Color Changing Cars: What To Know About This Dazzling Tech

Will the BMW color changing car be a game-changer?


Tom Hale


Tom Hale

Senior Journalist

Tom is a writer in London with a Master's degree in Journalism whose editorial work covers anything from health and the environment to technology and archaeology.

Senior Journalist

Edited by Francesca Benson

Francesca Benson

Copy Editor and Staff Writer

Francesca Benson is a Copy Editor and Staff Writer with a MSci in Biochemistry from the University of Birmingham.

A concept design for the BMW i Vision Dee, which can change the appearance of its exterior in up to 32 colours.

A concept design for the BMW i Vision Dee, which can change the appearance of its exterior in up to 32 colours.

Image credit: BMW

Color-changing cars have suddenly sped into reality and could soon be making their way to a highway near you. So, who’s developing this dazzling technology? How does it work? And what hurdles are there to overcome?

How do color changing cars work?

The first color-changing car to be revealed to the public was BMW’s iX Flow, which made its debut at CES 2022 in Las Vegas. 


Billed as “the world’s first color-changing car,” the vehicle allowed users to switch the car’s exterior color between black, white, or a blend of shades with the press of a button. The idea was that drivers could opt for white on hot days to reflect the sun’s energy and black on cold ones to absorb it.

It works using Electronic Paper Display (EPD) technology. The car is coated with an electrophoretic film that features millions of microcapsules, no wider than a human hair. Each capsule contains negatively charged white pigments and positively charged black pigments that only become visible when the appropriate electrical field is run through it.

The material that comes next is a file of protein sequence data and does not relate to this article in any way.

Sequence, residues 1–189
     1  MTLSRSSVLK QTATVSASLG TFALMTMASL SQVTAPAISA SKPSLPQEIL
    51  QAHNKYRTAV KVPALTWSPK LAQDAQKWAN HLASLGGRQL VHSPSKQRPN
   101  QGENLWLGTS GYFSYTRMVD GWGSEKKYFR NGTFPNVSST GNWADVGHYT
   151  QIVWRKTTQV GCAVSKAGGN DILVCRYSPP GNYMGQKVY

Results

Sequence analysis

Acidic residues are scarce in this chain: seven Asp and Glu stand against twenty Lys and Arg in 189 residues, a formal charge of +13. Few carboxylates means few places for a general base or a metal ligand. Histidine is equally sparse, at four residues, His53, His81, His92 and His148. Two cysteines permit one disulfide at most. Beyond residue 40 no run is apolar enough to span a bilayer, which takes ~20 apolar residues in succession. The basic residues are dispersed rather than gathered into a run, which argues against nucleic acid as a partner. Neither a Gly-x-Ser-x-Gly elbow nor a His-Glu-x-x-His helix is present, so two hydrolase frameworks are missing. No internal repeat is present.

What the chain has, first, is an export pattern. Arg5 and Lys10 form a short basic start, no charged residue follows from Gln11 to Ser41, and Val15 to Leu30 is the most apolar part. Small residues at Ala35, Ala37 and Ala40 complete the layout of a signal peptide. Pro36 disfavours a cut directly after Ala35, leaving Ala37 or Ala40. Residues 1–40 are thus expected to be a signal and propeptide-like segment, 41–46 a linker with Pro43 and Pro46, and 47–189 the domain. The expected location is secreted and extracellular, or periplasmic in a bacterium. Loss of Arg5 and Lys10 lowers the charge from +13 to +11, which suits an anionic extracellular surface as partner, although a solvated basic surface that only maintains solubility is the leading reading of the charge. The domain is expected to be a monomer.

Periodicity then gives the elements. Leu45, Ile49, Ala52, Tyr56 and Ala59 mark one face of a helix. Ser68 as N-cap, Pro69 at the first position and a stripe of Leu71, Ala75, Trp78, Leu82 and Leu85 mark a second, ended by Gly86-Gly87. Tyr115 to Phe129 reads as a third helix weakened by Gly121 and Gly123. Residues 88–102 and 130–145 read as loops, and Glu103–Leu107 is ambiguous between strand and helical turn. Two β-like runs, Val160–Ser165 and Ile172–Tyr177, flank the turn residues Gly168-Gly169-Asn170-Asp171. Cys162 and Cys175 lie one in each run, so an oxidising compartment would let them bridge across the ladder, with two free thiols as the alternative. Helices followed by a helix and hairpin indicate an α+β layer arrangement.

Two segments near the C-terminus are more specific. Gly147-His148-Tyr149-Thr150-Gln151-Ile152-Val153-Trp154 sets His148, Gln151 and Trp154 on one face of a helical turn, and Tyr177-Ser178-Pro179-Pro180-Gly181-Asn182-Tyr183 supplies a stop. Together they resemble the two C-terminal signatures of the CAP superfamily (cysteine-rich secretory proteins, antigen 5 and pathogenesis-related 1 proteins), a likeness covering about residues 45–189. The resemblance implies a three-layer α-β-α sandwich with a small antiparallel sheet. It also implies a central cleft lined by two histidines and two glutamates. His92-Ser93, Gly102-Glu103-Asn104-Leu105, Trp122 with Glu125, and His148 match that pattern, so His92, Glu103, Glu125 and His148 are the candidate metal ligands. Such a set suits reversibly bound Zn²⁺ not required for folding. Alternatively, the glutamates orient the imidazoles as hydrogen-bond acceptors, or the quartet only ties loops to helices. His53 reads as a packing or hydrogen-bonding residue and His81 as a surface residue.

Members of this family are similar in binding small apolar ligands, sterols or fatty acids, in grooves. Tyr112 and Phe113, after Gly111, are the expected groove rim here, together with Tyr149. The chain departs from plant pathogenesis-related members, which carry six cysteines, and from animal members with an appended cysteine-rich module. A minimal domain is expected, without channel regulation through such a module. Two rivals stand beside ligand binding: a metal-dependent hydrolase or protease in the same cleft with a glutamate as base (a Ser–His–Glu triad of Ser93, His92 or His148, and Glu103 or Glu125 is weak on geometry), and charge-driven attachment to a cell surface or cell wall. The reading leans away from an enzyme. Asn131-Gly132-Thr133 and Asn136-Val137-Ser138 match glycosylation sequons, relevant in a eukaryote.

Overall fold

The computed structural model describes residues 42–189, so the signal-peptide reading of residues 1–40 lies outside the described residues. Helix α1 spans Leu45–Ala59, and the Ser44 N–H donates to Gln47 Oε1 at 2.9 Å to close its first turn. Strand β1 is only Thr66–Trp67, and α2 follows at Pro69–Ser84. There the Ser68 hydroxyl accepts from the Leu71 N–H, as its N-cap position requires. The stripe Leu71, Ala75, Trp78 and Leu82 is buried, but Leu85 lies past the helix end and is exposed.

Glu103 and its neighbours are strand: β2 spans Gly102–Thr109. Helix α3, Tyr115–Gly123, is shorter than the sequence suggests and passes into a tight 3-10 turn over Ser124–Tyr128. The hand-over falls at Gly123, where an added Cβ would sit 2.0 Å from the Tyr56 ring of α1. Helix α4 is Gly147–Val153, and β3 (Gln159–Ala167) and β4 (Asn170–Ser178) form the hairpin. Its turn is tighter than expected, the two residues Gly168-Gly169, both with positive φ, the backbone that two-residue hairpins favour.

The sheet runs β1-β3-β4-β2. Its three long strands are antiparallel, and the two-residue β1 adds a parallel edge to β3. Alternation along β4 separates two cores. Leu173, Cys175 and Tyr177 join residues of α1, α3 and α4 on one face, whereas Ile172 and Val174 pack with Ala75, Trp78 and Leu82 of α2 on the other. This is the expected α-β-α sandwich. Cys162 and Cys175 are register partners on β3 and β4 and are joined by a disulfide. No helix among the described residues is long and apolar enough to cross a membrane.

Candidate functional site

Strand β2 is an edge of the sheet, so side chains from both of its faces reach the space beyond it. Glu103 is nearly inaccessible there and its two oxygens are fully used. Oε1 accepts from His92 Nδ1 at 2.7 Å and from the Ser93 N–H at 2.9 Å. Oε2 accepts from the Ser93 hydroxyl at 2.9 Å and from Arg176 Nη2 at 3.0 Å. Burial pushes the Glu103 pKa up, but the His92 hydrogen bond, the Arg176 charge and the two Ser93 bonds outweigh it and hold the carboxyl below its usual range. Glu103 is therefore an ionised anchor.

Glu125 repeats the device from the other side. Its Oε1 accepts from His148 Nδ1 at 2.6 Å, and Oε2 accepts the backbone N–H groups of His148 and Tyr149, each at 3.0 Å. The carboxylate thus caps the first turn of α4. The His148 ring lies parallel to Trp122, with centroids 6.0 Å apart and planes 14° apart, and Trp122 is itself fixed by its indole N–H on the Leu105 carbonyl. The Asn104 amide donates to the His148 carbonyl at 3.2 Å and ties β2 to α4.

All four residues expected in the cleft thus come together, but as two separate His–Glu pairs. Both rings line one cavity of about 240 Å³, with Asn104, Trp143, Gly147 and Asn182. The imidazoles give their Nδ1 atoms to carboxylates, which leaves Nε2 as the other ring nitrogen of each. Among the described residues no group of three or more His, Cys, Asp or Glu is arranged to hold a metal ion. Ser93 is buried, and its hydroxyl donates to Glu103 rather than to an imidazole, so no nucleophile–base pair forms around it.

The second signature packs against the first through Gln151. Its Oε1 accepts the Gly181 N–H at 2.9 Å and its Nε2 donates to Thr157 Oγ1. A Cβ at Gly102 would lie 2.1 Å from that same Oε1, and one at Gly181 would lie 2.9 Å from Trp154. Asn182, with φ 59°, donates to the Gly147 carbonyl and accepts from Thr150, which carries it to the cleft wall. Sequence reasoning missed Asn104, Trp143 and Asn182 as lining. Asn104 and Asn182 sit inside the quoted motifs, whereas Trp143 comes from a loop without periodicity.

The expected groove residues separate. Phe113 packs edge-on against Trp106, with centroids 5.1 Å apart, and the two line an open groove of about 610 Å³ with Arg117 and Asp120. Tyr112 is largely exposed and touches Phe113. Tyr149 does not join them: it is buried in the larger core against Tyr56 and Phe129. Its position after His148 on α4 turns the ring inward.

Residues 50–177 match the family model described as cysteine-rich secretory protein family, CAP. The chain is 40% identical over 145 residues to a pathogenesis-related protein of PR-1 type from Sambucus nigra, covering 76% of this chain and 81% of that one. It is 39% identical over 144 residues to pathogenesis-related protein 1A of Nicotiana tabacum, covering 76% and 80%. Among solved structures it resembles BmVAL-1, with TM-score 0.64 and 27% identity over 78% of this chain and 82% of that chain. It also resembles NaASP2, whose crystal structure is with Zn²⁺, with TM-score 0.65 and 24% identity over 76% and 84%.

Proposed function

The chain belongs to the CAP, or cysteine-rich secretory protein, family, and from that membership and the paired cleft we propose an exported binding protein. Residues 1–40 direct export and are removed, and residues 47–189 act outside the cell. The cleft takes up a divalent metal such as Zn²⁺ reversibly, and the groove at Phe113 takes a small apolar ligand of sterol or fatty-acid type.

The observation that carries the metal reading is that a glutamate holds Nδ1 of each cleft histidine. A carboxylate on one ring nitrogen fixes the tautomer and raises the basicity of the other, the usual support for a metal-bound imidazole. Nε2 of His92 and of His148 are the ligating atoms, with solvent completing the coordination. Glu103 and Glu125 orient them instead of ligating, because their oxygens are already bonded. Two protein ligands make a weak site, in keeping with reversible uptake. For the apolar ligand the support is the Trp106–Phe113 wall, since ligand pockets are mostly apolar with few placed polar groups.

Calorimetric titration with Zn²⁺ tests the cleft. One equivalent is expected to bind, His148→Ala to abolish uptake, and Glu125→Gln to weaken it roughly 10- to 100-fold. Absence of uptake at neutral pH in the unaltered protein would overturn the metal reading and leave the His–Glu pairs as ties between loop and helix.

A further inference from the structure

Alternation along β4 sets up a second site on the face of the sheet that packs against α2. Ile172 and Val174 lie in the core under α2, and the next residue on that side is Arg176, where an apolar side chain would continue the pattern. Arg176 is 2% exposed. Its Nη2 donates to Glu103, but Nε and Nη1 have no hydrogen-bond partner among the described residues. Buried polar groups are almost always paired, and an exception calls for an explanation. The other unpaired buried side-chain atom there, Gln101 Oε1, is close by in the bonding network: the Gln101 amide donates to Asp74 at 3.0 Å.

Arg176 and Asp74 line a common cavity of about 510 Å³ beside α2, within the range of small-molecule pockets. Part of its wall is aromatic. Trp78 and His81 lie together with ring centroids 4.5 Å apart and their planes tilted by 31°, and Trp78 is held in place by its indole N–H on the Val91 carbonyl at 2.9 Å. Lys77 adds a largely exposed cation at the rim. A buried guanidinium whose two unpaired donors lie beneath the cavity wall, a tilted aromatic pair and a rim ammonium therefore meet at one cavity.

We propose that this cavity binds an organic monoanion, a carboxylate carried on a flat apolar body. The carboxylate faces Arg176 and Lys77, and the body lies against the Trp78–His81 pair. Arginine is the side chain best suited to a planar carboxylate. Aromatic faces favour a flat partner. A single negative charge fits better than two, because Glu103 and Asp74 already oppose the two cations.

BMW i Vision DEE

At CES 2023, BMW released a new model of color-changing car – the BMW i Vision Dee – that could produce all the colors of the rainbow, not just monochrome shades. The car uses similar technology to the iX Flow, but is capable of producing up to 32 different colors.


The body of the i Vision Dee is comprised of 240 different sections that change color independently, allowing the car to display multi-colored patterns. All of the commands can be instructed through voice control and will be delivered within seconds. 

The "Dee" in the name stands for Digital Emotional Experience, which BMW says underlines their hope to “reinforce the emotional connection between cars and people.”

“With the BMW i Vision Dee, we are showcasing what is possible when hardware and software merge. In this way, we are able to exploit the full potential of digitalization to transform the car into an intelligent companion. That is the future for automotive manufacturers – and, also, for BMW: the fusion of the virtual experience with genuine driving pleasure,” Oliver Zipse, Chairman of the Board of Management of BMW AG, said in a statement.

Color changing car laws

Laws and regulations could be a possible hurdle for color-changing cars hitting the market. As it stands, there are no laws related to vehicles that can immediately change color using electricity. 

However, under current regulations in the US, car owners are required to inform the Department of Motor Vehicles (DMV) and their insurance provider if they change the predominant color of their vehicle. Likewise in the UK, drivers must inform the Driver and Vehicle Licensing Agency (DVLA) and their insurer.

It’s not clear yet how this framework will apply to cars that can instantly change their color with a simple voice command. 


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